In out-of-the-box SharePoint installation, this command creates approximately 20 new sites. Use this script when you are preparing presentations, building demo sites, or preparing educational sites for end users.

Administrators can create a similar sample when you need to create a number of sandbox sites for an upcoming educational course. All these sites could use the same template but have a different site owner.

Automating Site Collection Backups with PowerShell

A script for automating site collection backups via STSADM commands was included in the previous version of this book. This script was one of the most asked-for scripts from the book because it enabled administrators to back up individual site collections to flat files on a nightly basis. Although useful, this script was a four-page Visual Basic script and had some complex logic in it that would enumerate site collections and back them up individually.

SharePoint 2010 now allows for the same functionality, from a simplified interface. You can completely automate the backup procedure with built-in SharePoint PowerShell cmdlets. The following sample script demonstrates some additional things than can be done with a combination of a couple of built-in scripts.

The script enables you to do the following:

  • Back up all site collections in your server farm.

  • The backup filename will be a combination of the site collection name and date when the backup was created.

  • The user running this script can specify the number of previous backups they want to retain.

  • When the backup finishes, a notification will be sent to a specified email address.

Here is the script listing:

Function Backup-SPSiteCollections ()
[string]$Email = "",
[string]$SmtpServer = ""

# Test if backup folder exists
if (Test-Path $BackupFolder)
# Retrieve previous backup files , sorted by last write time (last modified)
$files = Get-Childitem $BackupFolder | where {$_.Name -like ("*" + $RootWeb + "*.dat")} | Sort $_.LastWriteTime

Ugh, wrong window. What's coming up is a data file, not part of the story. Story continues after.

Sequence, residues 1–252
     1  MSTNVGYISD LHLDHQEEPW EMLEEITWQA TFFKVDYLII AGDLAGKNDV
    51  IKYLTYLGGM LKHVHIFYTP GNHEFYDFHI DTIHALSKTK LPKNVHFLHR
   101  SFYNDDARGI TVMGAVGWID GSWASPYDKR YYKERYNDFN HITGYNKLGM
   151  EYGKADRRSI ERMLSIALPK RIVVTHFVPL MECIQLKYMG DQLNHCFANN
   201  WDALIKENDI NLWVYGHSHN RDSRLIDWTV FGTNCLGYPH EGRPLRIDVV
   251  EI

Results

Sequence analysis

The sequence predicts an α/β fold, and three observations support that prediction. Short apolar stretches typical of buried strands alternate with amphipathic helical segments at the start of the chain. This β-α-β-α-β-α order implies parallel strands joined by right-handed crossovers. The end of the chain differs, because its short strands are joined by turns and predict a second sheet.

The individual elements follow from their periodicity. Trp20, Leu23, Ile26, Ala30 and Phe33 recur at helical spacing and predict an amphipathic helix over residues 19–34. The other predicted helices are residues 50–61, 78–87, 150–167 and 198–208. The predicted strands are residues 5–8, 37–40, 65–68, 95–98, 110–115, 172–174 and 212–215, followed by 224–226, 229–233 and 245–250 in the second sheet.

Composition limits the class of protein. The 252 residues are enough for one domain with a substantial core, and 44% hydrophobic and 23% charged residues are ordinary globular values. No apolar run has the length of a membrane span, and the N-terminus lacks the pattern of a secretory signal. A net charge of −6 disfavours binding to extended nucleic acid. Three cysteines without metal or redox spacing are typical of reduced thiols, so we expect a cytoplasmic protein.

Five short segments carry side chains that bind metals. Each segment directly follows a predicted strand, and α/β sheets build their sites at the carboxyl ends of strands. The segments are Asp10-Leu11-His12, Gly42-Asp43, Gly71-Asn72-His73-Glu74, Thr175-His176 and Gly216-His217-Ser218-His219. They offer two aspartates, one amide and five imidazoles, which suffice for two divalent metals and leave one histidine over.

$filesCount = @($files).Count

# If there are more files in directory than backupFilesLimit
if($filesCount -ge $BackupFilesLimit)
# Delete all older files
for ( $i=0; $i -lt $filesCount-$BackupFilesLimit+1; $i++)
Remove-Item ($BackupFolder + $files[$i].Name)
# If backup folder does not exist it will be created
New-Item $BackupFolder -type directory
$backupFileName = ("" + $RootWeb + "_" + (Get-Date -Format yyyy-MM-ddThh-mm-ss) + ".dat")
$backupFilePath = $BackupFolder + $backupFileName
$startTime = Get-Date
Backup-SPSite -identity $_.ID -path ($backupFilePath) -force
$endTime = Get-Date

# Checking if Email and SmtpServer values have been defined
if($Email -ne "" -and $SmtpServer -ne "")
$subject = "SharePoint Site Collection Backup Completed!"
$body = "The following site collection was backed up: " + $RootWeb + "`n"
$body += "Site collection was backed up to: " + $backupFileName + "`n"
$body += "Backup started on: " + $startTime + ", and ended on: " + $endTime + "`n`n"
# Retrieving Site Collection size
$SiteCollectionSize = Get-SPSite | Where {$_.ID -eq $SPSiteID} | Select @{Expression={$_.Usage.Storage/1MB}}
# Retrieving backup file size
$backupFileSize = Get-ChildItem $backupFilePath | Select {$_.Length/1MB}
$body += "Site collection size on SharePoint system is: " + $SiteCollectionSize + " MB`n"
$body += "Backup file size: " + $backupFileSize + " MB"
$smtp = new-object Net.Mail.SmtpClient($SmtpServer)
# Sending email
$smtp.Send($Email, $Email, $subject, $body)

You can execute this script by using the following code snippets:
# Backup all site collections in your farm
Get-SPSite | ForEach-Object {Backup-SPSiteCollections -SPSiteID $_.ID -BackupFolder
"C:\Backup-Location\" -RootWeb $_.RootWeb -BackupFilesLimit 5 -Email
"administrator@companyABC.com" -SmtpServer "mail.companyABC.com"}
#Backup a site collection whose URL equals http://portal.companyABC.com
Get-SPSite | Where {$_.ID -eq "http://portal.companyABC.com"} | ForEach-Object
{Backup-SPSiteCollections -SPSiteID $_.ID -BackupFolder "C:\Backup-Location\"
-RootWeb $_.RootWeb -BackupFilesLimit 5 -Email "administrator@companyABC.com" -
SmtpServer "mail.companyABC.com"}
#Backup all site collections whose URL is not equal to http://no-
backup.companyABC.com, no emails will be sent
Get-SPSite | where {$_.ID -ne "http://no-backup.companyABC.com"} | ForEach-Object
{Backup-SPSiteCollections -SPSiteID $_.ID -BackupFolder "C:\Backup-Location\" -
RootWeb $_.RootWeb -BackupFilesLimit 5}

The preceding three samples show you how you can execute your script in various scenarios. A backup script has six parameters: